5. Relational-asset based: We live in a day where networks are a principal focus for business development. But a name on a followers list isn’t a relationship. At best it is a mere acquaintance. A relationship is with someone where there can be a genuine exchange of contributions. More than anything, this requires leaders to have relational skills that in the past were deemed “soft-skills” as opposed to the hard skills of “finance” and “strategic development.” The world has changed, and a relational-asset base is a network of people who are contributing to the organization. We still need financial management skills and strategic thinkers, but their potential value is more signficantly realized in a collaborative environment where relationships matter.

6.  Values that are operational: It is quite simple. How are your values acted out in the policies and practices of your business? Are they operational and not just public relations boilerplate. The implementation of values is one of the highest leverage, lowest cost strategies that you can initiate. For example, if respect is a core value of your business, how is that translated into action.What does it mean for someone to feel respect from someone else, or even an institution? Is not one of the most basic expressions of respect to listen to someone. Yet, how does someone truly know that you are listening? They respond in action, not simply in the nodding of their head. Operationalizing respect is to listen and follow up with action that is appropriate to the situation. Any company at every level can make simple little systems changes to deploy respect as a strategic operations initiative, and to great effect.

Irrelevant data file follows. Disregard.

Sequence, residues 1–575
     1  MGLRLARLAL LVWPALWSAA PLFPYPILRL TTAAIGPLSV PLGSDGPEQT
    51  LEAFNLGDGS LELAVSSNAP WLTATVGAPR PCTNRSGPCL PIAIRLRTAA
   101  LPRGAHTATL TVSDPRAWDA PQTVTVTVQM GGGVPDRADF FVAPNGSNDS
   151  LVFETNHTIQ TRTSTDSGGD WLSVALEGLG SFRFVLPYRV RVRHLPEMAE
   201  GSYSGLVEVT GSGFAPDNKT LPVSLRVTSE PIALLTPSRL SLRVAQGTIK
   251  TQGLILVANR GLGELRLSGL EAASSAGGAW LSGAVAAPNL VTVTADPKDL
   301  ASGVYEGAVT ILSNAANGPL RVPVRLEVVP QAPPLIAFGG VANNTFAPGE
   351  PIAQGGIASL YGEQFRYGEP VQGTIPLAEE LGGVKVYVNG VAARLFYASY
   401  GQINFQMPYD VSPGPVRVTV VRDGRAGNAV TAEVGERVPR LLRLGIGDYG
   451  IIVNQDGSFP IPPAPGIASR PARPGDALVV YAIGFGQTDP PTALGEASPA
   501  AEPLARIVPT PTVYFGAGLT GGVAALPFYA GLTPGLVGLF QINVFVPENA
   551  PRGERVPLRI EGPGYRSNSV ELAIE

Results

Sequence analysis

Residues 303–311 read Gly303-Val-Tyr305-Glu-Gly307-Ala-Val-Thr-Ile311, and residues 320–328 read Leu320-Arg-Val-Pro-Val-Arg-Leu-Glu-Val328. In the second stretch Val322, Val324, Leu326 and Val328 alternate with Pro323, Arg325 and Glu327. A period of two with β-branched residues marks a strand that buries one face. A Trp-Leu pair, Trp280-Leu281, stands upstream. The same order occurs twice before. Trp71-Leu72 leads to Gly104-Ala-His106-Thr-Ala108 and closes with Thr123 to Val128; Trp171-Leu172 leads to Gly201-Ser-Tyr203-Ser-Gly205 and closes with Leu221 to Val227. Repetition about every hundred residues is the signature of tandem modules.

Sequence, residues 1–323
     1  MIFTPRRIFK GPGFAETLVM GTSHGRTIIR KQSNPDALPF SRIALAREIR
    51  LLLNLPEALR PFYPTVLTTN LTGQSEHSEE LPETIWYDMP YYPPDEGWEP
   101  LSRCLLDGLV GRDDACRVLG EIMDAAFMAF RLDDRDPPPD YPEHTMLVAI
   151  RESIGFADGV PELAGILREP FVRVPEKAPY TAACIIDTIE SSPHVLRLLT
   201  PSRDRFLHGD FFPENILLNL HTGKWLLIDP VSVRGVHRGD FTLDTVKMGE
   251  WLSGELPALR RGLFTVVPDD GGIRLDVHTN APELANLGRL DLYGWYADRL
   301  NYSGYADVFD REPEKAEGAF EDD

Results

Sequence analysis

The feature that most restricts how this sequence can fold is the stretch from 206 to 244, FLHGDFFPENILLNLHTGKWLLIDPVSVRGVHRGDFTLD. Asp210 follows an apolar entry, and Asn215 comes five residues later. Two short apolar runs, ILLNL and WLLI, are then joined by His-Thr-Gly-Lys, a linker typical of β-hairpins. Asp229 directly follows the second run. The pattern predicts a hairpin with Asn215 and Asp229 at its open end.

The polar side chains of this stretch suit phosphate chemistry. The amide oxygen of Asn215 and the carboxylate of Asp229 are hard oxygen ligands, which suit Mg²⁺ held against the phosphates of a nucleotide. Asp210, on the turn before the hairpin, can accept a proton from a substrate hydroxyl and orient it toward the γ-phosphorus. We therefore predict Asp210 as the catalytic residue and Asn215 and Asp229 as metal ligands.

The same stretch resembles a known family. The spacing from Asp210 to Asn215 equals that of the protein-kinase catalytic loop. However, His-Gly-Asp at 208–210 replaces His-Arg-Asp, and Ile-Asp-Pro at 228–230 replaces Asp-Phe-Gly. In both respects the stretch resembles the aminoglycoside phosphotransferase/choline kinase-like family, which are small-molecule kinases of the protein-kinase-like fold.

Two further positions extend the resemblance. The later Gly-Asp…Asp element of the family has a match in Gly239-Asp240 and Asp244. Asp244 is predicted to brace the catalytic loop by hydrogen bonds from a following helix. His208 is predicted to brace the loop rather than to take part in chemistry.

7. Ownership culture of giving: The shift from an impersonal sales mindset to a giving mindset maybe the hardest to achieve because it requires a change in culture, not just in policies and practices. It requires a belief that if I give of myself to you, that some benefit will come back to me. In a predatory competitive environment, it is hard to imagine giving as a successful strategy. The idea is that we are trapped in a zero-sum game where one person must lose in order for another to win.  Instead, as my friend Talia Leman likes to say, we want a “win-win-win” game. This can happen only if we each approach our relationships within a collaborative environment from the perspective of how can we all benefit from our shared efforts.